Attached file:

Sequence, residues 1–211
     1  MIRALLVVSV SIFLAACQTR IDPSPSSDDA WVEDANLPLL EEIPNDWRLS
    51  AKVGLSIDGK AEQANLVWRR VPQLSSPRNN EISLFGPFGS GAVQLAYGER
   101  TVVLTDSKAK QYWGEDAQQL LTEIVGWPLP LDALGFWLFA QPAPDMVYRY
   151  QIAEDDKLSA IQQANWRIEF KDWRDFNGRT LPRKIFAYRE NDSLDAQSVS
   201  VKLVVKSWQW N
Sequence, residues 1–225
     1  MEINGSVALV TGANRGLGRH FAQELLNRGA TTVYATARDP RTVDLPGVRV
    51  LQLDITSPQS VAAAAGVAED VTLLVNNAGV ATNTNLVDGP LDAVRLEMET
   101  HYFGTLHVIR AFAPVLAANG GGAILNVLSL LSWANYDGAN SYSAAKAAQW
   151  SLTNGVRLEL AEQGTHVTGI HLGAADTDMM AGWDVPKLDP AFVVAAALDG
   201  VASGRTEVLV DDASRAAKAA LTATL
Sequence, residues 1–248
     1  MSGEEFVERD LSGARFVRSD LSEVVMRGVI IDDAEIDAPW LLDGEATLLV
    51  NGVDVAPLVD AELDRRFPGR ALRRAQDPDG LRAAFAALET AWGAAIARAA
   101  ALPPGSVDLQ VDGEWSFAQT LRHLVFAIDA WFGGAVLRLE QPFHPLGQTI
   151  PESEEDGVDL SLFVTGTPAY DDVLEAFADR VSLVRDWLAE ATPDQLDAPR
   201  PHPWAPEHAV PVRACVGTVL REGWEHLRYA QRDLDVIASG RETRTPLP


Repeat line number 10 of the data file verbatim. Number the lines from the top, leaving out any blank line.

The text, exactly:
   101  HYFGTLHVIR AFAPVLAANG GGAILNVLSL LSWANYDGAN SYSAAKAAQW